County, Hodges at loggerheads over sanitary system legislation
Gloucester County needs to extend its sanitary sewer system and has asked Del. Keith Hodges to request that the General Assembly take action to help move the process along, but Hodges has declined to do so.
County administrator Brenda Garton explained that the county attorney has advised the board of supervisors that the simplest way to accomplish the task would be to have the county added to a list of seven counties given special billing authority by the General Assembly.
This special billing authority allows the listed counties to require that property owners connect to sanitary sewage and water systems if they are in an area where the systems offer service, but it also allows property owners with access to potable water and the ability to dispose of sewage safely to continue using the systems they have. However, the counties may still require that such property owners pay a connection fee, a front footage fee, and a monthly non-user service charge.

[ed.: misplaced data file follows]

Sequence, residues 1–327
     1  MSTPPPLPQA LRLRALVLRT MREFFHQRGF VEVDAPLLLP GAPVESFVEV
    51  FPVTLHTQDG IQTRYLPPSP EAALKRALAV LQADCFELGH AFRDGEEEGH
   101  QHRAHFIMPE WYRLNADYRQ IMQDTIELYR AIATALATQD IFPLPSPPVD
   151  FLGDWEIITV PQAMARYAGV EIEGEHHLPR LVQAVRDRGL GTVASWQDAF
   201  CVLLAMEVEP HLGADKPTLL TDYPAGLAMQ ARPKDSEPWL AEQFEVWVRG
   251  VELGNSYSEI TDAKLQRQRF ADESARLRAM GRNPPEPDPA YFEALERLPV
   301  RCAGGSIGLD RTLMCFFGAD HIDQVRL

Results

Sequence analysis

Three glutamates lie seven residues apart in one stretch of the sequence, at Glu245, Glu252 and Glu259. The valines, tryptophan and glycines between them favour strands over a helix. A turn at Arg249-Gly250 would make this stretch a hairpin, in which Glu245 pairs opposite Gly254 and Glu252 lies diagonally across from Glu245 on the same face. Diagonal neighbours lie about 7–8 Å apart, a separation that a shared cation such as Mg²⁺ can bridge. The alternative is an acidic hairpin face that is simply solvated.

Garton said the county had asked Hodges to introduce the necessary legislation to the General Assembly when the session convened and had made arrangements for attorneys to meet him to discuss his concerns in his Richmond offices in January. However, Hodges wasn’t willing to talk with them or to consider their request.
If the county isn’t allowed to do this, said Garton, there are other choices, but they’re more complicated and involve a legal process that, among other things, requires establishing a governing board for the district.